Often high-tech doesn’t work right away, or takes longer than expected to perform to its full potential. Actually, that happens more often than anyone would like to admit. A current example is a new Israeli aerial surveillance system called SkEye. This is a multicamera system built into a UAV as small as the Hermes 450 (max payload 150 kg) or even small manned aircraft like the single engine Cessna 208B. SkEye uses ten high-resolution video cameras to simultaneously watch, track and record activity in an areas as large as 80 square kilometers at a time. SkEye uses digital image scanning software to seek out specific items and patterns of movement below. Since SkEye records all that it sees it can also patterns over time. This approach to aerial surveillance has existed in theory for decades but the technology to make it work didn’t exist until after the 1990s when the U.S. Army needed an effective way to find newly placed roadside bombs and landmines in Iraq and Afghanistan. The Americans spent billions on this bomb detection program and in 2005 the first workable, although somewhat crude, system (“Constant Hawk”) showed up and worked so well that the army named Constant Hawk one of the top ten inventions for 2006. The army does this to give some of the more obscure, yet very valuable, developments some well-deserved recognition. Constant Hawk, like most new technology did not get a lot of media attention. Mainly it's the math, and TV audiences that get uneasy watching a geek trying to explain this stuff in something resembling English. But it worked, and the troops wanted more of it. Tools like this were popular mainly because the system retains photos of areas troops have patrolled, and allows them to retrieve photos of a particular place on a particular day. Often, the troops returning from, or going out on a patrol, can use the pattern analysis skills we all have, to spot something suspicious, or potentially so.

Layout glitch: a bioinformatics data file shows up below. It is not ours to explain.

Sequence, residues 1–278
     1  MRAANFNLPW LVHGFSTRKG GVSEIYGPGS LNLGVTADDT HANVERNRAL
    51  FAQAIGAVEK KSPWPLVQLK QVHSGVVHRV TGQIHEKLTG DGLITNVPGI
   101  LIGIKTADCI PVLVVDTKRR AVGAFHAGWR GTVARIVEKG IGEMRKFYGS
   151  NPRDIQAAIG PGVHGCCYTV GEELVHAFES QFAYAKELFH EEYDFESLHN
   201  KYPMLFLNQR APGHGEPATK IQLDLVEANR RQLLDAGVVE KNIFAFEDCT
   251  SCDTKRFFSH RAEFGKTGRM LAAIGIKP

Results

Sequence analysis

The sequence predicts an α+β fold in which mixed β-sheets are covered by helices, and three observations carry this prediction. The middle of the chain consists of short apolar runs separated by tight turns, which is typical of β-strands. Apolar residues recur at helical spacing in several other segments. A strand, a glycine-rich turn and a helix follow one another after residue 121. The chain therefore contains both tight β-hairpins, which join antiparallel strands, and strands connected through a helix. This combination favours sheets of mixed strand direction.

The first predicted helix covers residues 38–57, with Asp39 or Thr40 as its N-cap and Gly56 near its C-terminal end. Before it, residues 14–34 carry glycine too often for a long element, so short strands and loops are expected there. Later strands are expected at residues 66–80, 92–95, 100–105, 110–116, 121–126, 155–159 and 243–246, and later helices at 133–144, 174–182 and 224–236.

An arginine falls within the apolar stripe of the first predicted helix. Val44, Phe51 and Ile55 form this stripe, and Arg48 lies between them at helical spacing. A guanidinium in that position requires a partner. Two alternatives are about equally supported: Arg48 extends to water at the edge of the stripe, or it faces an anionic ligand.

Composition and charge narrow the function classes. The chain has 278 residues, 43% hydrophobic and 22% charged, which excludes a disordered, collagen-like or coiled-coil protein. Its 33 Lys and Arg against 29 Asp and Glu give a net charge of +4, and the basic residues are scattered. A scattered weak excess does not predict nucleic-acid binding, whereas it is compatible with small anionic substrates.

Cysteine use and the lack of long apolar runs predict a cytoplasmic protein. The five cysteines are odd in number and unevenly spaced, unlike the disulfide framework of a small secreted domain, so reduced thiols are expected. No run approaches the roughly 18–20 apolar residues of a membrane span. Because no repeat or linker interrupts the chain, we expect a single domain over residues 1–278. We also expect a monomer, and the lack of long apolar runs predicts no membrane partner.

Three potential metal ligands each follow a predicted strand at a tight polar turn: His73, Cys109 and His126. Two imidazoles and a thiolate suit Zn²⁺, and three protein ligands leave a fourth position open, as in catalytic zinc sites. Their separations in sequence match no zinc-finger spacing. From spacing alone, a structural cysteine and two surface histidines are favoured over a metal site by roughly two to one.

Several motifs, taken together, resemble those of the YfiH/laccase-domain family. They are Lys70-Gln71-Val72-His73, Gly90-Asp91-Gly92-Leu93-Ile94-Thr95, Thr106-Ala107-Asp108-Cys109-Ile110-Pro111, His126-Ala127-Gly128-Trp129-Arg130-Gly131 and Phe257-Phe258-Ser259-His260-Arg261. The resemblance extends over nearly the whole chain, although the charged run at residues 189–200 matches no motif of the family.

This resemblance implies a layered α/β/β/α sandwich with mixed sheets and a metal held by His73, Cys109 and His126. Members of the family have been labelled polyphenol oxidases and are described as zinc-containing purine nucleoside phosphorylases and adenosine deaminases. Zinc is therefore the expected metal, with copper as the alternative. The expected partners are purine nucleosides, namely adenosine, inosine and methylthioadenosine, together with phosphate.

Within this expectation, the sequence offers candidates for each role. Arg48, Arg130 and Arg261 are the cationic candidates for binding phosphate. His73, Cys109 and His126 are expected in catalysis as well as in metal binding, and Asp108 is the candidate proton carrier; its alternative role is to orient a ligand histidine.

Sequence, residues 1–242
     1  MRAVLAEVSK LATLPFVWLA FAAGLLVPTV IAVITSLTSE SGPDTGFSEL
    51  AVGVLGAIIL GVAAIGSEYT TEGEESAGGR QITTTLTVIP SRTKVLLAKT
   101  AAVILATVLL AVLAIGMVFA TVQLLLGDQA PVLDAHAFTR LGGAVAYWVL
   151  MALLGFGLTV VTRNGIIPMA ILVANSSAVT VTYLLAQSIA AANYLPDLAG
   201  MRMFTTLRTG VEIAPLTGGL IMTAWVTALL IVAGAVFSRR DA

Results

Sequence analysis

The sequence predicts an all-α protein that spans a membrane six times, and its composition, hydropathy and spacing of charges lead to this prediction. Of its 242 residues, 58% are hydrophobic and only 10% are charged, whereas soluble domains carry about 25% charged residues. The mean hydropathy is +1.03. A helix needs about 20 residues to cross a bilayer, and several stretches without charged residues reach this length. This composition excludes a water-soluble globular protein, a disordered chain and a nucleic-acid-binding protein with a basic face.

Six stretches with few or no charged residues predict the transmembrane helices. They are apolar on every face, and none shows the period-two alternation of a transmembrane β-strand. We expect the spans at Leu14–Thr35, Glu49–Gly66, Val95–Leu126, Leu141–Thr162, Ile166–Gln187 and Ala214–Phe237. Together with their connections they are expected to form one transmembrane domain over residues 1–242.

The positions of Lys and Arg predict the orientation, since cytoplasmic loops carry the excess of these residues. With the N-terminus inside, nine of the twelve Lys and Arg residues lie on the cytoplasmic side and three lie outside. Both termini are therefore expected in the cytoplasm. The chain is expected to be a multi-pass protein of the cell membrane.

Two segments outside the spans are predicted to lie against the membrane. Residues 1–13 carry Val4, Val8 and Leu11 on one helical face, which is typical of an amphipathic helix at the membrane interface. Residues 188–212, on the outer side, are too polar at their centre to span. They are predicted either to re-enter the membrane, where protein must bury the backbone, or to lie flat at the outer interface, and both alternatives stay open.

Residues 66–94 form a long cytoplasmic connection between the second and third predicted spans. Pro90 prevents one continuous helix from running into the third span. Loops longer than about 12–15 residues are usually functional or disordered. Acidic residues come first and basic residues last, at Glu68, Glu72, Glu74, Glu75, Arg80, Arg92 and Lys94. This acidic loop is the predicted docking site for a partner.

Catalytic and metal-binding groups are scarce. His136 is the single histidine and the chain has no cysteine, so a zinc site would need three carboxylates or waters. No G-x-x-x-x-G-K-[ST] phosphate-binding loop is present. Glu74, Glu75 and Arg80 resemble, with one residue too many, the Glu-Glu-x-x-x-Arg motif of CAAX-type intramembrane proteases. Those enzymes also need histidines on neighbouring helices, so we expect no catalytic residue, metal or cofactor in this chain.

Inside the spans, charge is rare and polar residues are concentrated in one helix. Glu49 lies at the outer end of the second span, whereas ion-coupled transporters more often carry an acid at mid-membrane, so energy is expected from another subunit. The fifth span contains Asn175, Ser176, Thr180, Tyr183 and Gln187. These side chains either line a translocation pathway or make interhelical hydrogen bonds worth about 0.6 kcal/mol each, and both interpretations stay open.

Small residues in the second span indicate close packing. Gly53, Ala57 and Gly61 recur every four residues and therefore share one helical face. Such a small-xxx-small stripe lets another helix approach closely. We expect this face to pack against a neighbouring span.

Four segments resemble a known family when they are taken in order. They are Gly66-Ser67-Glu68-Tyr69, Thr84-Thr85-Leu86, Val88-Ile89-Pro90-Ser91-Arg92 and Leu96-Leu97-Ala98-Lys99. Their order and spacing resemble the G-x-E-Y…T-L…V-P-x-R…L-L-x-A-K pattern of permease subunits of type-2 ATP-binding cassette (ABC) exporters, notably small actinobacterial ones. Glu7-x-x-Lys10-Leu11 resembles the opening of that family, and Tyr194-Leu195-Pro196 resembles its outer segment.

Pattern analysis is one of the fundamental tools Operations Research (OR) practitioners have been using since World War II (when the newly developed field of OR got its first big workout). Pattern analysis is widely used on Wall Street, by engineers, law enforcement, marketing specialists, medical researchers and now, the military. Constant Hawk uses a special video camera system to observe a locality and find useful patterns of changing behavior. While many of the Constant Hawk systems were mounted on light aircraft, others are mounted on towers or other ground structures. Special software compares photos from different times. When changes are noted, they are checked more closely, which has resulted in the early detection of thousands of roadside bombs and terrorist ambushes. This largely eliminated roadside bomb attacks on some supply convoys, which travel the same routes all the time. Those routes were regularly watched by Constant Hawk. No matter what the enemy did, the Hawk would notice. Typically the enemy would shift their bombing efforts elsewhere.